I opened it up read over the literature and handed it (the meter not the literature) over to Delaney. We laughed at the manual (Particularly the right side up part - Good Friend of the Blog Lorraine explains why in her review of the Didget) and then we watched Top Gear because that is what we do. After the Botswana Special, she played the game and announced it was a lot like Pokemon.
This information meant very little to me. What I know of Pokemon is the sum total this; before blood test strips, there were Pokemon cards all over the house. In fact for all I know there may still be Pokemon cards under the carpet of used strip we call the floor.
Anyway, I intentionally didn’t interact with Delaney as she used the Didget. I was curious to see what her reaction would be.
I think I should preface this next bit with - she is a few days from being a teen. I suspect that she is older than the target market for this meter-game combination.
After the initial, “It is cool!” her comment was, “It is huge.”
It is. Maybe not large enough to have it’s own moon orbiting it but I think it’s gravitational pull effects the tides.
I found it very interesting that when she discovered that the strips worked in the Contour USB she started testing with the USB. Then Connor stuck it in his pocket. Some where in this the Didget fell off the coffee table in the living room and nobody picked it up for a few days where it risked being layered into a geological strata with the strips and Pokemon cards.
My first test was this: Will the Didget hold the interest of an almost teenaged kid in my house?
I think my baby daughter is too old and so experienced with meters that the game and the large meter form factor do not work for her.
So I poked around (get it poked around, diabetes, Pokemon?!? I kill myself with this stuff! - Ok ok you want to kill me too, I’ll knock it off.) I think there is a very distinct market for this thing. Connor was diagnosed at 9. Delaney at 7. We charted and used stickers as rewards for their testing the number of times they were meant to and all kinds of happy smoke blowing stuff like that. Still sticking sharp steel in their fingers got old before it became a habit.
This meter would have been crazy useful in helping build those habits and making the whole crappy newly diagnosed experience a little better - a little more of their world and less of the medical industrial complex's world.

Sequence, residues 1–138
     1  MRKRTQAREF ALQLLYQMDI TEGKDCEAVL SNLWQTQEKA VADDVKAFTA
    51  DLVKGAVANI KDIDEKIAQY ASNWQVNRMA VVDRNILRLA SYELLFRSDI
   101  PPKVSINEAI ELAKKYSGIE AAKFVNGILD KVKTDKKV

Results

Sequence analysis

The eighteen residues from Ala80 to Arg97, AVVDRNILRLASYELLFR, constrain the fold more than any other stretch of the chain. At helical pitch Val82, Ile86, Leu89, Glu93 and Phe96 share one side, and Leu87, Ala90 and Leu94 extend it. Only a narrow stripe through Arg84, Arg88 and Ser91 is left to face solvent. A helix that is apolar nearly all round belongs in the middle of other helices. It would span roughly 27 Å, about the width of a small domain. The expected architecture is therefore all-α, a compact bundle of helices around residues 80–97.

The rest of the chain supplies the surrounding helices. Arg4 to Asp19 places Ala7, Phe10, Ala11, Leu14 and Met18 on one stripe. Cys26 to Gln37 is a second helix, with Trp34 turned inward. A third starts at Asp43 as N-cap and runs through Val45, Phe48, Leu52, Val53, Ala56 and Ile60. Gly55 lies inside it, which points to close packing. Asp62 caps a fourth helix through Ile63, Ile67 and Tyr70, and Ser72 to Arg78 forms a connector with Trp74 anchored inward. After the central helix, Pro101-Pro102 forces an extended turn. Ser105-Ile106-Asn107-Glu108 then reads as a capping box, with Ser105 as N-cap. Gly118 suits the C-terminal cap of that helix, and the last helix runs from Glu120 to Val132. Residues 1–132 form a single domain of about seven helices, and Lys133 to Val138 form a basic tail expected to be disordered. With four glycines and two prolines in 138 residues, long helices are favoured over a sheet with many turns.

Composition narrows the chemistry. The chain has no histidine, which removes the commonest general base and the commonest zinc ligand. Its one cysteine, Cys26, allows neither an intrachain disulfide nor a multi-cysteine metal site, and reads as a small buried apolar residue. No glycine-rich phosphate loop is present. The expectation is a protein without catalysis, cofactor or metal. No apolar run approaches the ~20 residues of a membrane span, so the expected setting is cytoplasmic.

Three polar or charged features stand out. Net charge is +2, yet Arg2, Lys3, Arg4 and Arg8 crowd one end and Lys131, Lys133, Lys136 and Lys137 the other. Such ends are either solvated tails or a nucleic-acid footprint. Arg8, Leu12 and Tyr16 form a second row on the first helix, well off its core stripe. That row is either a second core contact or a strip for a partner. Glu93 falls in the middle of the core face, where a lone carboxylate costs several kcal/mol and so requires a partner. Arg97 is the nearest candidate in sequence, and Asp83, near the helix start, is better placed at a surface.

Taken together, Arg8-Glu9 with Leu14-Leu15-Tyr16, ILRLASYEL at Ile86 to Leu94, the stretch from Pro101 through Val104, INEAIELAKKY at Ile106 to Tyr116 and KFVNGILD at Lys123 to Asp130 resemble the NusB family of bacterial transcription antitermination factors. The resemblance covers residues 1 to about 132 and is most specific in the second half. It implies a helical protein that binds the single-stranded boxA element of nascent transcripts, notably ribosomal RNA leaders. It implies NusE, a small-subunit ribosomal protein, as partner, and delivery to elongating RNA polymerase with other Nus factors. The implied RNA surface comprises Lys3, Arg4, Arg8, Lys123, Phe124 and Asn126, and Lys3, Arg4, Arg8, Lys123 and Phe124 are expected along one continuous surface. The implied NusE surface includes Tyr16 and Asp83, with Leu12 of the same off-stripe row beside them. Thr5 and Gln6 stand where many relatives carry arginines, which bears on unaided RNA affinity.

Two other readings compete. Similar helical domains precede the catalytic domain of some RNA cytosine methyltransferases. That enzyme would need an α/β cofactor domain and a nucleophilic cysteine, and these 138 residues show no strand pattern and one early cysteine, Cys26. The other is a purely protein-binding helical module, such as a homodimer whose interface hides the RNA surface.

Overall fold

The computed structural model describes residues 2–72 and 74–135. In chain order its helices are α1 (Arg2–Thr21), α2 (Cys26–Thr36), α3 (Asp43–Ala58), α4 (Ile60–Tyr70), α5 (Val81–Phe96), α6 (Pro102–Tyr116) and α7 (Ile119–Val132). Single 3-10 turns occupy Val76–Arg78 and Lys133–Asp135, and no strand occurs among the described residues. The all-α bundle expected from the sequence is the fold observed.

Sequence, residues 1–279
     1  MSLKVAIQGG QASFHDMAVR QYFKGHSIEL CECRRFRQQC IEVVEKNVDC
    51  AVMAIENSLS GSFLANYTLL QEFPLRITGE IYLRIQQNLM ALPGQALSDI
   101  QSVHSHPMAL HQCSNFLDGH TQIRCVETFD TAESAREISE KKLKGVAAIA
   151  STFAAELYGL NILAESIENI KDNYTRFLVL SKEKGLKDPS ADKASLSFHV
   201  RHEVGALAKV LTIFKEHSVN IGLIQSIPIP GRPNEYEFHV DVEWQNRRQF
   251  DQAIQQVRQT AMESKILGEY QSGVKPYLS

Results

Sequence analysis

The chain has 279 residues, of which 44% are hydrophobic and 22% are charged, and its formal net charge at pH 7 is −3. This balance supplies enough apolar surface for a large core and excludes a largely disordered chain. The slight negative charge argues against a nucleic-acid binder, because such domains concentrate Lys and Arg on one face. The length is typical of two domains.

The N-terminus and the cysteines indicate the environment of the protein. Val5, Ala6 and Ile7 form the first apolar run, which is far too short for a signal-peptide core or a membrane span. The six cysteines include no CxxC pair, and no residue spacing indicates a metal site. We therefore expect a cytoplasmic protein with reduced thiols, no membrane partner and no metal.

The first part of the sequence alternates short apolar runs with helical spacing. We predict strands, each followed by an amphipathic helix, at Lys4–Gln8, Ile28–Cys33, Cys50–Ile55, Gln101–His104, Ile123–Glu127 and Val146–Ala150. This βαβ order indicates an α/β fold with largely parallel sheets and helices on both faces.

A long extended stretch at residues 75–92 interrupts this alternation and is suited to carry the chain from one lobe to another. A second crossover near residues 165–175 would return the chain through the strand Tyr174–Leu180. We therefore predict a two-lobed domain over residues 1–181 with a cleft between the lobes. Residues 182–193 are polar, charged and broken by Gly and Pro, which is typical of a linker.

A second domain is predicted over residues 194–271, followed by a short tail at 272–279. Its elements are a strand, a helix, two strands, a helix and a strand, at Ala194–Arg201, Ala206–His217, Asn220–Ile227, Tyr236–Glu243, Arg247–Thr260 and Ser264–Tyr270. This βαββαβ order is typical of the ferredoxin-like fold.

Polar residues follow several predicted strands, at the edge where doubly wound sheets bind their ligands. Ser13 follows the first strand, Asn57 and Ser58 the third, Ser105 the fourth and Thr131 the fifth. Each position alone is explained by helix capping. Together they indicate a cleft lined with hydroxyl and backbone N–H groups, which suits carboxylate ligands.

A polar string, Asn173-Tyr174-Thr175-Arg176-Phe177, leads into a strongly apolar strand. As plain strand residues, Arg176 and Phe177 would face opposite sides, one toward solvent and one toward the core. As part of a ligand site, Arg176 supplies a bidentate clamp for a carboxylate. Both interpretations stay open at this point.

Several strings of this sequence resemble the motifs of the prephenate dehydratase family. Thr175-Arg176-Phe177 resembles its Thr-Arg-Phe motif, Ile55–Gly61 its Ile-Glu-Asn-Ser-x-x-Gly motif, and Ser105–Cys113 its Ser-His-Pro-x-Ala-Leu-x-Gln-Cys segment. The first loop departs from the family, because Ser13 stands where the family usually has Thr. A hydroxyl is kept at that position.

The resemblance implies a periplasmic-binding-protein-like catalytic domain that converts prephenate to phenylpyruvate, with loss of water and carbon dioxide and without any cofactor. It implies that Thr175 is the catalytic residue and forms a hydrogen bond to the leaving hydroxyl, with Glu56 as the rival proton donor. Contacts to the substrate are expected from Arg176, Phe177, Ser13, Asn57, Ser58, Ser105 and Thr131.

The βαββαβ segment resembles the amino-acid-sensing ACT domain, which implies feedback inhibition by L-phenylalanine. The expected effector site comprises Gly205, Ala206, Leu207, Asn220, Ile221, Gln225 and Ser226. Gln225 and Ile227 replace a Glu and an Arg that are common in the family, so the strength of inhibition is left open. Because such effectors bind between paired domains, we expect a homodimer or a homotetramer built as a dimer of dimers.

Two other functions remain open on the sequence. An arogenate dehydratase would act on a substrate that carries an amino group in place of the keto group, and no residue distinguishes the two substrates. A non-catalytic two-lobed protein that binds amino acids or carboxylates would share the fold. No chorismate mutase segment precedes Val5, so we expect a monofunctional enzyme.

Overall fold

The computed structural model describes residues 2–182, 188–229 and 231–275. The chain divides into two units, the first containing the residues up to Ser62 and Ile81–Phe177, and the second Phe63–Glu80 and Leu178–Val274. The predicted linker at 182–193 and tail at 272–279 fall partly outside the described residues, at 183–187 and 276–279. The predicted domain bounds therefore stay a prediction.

A little then is a lot.
I am way in favor ever little bit.
With that big picture said, time fo I wish that some of the game / bonus parameters were user definable. As in Your Diabetes May Vary so how you would like to use the game interface to reinforce care behaviors may vary too. Specifically I would like to have control over the target of 4 test per day to reach the bonus points. I would make the magic number a little higher. Say test before each meal two snacks and bedtime for the grand total of 6. Yeah that is a little nit picky but what the heck I am meant pick nits aren’t I?
From what I have read there are other aspects of the Didget ecosystem (stole that ecosystem phrase from Continua) that I hope to investigate in future post.
Until then I am a fan of what the Didget is trying to do. Specifically demystify the freaking meter, make it common and accessible and encouraging kids to make care behaviors habits in their world.
I am fascinated but not suppressed by my kids’ using the Didget strip in the Contour USB and their little turf war over it. Bayer has stepped up their game in meter design. I love the creativity and kid appeal of the Didget and the adult sophistication of the Contour USB. Good design rocks!
I believe in options and markets that deliver choices to consumers.
If Your Diabetes May Vary so should the tools used to manage it.
Kudos to Bayer for getting that.
For more T1 parental perspectives on the Didget visit my friends and fellow T1 Bloggers:Leighann - D-Mom
YDMV DIDGET posts: